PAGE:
After 24 hours rinse with strong warm salt water for 1 minute a couple of times daily for 3-4 days. This will reduce the number of bacteria in your mouth and will promote better healing.



What Is Bone Grafting?
Bone grafting is a surgical procedure that is used to fix problems associated with the bone or joints. It involves transplanting bone tissue, and in the field of dentistry, it is most commonly completed so that there is enough bone available to support dental implants.

Major Bone Grafting
Bone grafting is essential in repairing implant sites to contain adequate bone structure. This may be needed due to tooth loss, previous extractions, trauma, or gum disease. The bone will either be harvested from somewhere else in your body, such as the tibia, hip or jaw, or it can be taken from a cadaver or animal source. Special membranes are also used to encourage bone regeneration and bone grafts, and the most successful regeneration efforts will occur when using live bone from your own body.

Major bone grafting is usually performed in order to repair jaw defects. These may have resulted from congenital defects, tumor surgery, or some type of traumatic injury. The largest defects are typically corrected using the patient’s own bone, and the procedures are generally performed in an operating room and may require an overnight hospital stay.

Benefits of Bone Grafting
Bone grafting will be done to restore the bone in your jaw to its previous form, and it may also be used to maintain the existing bone structure after you have had teeth extracted. These activities are important for several reasons. First, dental implant placement will require that the bone of the jaw is as close to the original dimensions as possible in order to achieve optimal results. Additionally, the jaw and facial bones will support the muscles and skin that make up your facial shape and appearance, and without this underlying support, your face may look prematurely aged.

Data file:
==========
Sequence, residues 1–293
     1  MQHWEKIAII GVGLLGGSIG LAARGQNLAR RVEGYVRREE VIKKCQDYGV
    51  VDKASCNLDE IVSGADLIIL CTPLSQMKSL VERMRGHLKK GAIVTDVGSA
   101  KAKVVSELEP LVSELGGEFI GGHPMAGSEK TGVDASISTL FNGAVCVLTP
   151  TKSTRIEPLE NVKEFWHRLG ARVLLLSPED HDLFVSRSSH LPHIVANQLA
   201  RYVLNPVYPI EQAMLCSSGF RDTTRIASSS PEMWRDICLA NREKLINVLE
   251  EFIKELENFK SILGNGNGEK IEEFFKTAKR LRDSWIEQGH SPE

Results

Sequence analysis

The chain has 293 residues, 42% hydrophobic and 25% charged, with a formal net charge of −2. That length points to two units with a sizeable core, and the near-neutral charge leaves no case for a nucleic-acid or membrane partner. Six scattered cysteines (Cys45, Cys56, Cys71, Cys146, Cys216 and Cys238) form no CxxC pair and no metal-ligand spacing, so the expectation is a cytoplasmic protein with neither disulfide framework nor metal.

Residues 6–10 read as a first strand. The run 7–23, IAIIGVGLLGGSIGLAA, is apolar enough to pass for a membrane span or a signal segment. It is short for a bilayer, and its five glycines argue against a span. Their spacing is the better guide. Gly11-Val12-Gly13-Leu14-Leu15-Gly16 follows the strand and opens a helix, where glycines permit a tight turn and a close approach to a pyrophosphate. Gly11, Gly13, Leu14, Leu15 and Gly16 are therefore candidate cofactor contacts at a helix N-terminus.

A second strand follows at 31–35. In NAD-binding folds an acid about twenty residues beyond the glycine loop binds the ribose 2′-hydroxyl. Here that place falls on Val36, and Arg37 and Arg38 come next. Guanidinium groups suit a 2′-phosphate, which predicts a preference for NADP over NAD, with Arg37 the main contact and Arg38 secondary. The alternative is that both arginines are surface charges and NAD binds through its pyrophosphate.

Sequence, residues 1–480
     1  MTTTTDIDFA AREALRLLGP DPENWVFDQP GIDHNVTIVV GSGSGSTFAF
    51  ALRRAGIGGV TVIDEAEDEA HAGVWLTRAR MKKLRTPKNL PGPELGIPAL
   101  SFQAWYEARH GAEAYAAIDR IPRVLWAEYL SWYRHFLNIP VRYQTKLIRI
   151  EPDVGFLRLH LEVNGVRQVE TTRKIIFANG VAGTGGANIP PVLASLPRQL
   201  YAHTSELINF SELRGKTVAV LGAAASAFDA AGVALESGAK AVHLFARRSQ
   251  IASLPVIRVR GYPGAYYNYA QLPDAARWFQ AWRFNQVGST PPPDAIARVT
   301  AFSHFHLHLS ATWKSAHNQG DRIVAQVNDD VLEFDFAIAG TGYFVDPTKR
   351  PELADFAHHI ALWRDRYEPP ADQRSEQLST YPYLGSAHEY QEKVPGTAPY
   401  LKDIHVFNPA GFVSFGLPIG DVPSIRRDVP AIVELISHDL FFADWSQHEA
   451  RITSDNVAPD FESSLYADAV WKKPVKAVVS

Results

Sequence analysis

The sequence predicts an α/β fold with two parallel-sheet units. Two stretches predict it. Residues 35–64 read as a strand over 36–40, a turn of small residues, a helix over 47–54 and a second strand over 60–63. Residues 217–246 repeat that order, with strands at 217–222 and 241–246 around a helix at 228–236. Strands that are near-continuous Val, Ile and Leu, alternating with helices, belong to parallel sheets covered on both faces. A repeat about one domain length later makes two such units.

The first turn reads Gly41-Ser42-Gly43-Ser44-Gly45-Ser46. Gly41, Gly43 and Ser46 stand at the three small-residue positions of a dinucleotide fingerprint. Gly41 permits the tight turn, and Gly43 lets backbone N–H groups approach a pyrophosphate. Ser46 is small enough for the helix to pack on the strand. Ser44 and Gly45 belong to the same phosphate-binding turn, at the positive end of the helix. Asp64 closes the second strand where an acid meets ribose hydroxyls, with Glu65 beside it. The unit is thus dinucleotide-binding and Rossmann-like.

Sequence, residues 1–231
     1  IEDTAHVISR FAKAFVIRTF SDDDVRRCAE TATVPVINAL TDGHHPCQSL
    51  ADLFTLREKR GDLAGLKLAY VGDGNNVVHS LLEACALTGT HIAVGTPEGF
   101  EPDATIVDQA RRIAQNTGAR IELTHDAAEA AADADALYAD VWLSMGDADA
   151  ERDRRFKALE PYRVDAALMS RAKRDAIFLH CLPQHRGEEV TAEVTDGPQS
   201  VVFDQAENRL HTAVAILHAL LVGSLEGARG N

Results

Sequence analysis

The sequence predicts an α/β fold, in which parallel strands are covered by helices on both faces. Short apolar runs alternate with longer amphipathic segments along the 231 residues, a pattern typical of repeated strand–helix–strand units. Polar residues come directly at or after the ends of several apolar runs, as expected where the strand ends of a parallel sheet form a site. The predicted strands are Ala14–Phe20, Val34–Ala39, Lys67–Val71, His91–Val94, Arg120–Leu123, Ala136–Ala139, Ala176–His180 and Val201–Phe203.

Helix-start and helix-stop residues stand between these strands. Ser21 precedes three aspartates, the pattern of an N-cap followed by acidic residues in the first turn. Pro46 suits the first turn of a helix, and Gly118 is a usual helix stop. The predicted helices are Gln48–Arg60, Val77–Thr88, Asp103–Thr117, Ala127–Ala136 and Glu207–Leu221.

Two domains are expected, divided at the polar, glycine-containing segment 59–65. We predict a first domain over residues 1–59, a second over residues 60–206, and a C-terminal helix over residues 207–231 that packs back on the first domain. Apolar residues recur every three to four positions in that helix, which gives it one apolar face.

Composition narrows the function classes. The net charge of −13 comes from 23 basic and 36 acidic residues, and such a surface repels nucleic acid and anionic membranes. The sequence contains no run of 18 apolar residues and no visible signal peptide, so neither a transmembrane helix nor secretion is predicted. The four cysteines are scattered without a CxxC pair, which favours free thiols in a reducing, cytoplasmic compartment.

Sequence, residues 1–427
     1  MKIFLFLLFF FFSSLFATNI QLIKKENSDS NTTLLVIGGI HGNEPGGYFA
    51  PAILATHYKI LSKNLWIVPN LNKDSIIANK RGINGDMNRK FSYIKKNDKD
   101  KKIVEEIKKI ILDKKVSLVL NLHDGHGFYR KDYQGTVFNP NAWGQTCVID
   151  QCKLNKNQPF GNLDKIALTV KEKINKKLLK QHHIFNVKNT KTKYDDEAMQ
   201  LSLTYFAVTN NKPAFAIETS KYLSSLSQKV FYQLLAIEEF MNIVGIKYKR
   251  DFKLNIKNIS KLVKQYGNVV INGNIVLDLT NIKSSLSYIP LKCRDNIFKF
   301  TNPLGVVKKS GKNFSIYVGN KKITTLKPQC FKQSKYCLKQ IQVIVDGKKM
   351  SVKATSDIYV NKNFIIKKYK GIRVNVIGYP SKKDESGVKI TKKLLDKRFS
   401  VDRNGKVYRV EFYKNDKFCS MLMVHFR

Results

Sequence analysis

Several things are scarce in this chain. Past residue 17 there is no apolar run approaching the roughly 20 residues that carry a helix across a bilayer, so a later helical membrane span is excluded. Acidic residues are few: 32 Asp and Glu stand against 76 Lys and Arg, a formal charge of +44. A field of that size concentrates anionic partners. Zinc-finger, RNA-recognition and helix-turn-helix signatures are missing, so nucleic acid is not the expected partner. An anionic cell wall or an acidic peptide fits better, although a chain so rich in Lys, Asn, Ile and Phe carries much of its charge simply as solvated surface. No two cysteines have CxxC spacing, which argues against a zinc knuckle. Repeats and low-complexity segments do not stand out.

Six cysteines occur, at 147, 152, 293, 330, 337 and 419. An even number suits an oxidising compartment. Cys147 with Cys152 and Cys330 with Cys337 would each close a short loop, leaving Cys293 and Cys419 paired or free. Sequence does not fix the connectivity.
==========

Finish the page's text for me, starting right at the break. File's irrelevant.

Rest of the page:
Preparing for Your Bone Grafting Procedure
Prior to the surgery, you’ll need to go through a periodontal treatment known as scaling and root planing. You should also be sure to care for you teeth properly by brushing and flossing twice per day.

Anesthesia will be used during the procedure, so it is important that you follow the steps outlined by your dentist or surgeon in order to prepare for the procedure. This will likely involve avoiding food and beverages for six hours prior to your appointment, not smoking, and taking other precautions. Our team will outline all of the preparation steps you need to take prior to your appointment.

After Your Bone Grafting Procedure
Following your bone grafting procedure, you’ll likely be prescribed pain medication to help with your discomfort. Be sure to follow your surgeon’s instructions regarding how often and when to take any medications that you are prescribed. Swelling is also common, and you can use an ice pack placed on the outside of your mouth to help with this.

It is important to keep your mouth as clean as possible as you heal. Be sure to brush and floss the unaffected portions of your mouth normally. Dr. Ng will provide additional tips on how to safely keep the rest of your mouth clean.
5900 Cubero Dr. NE, #A, Albuquerque, NM 87109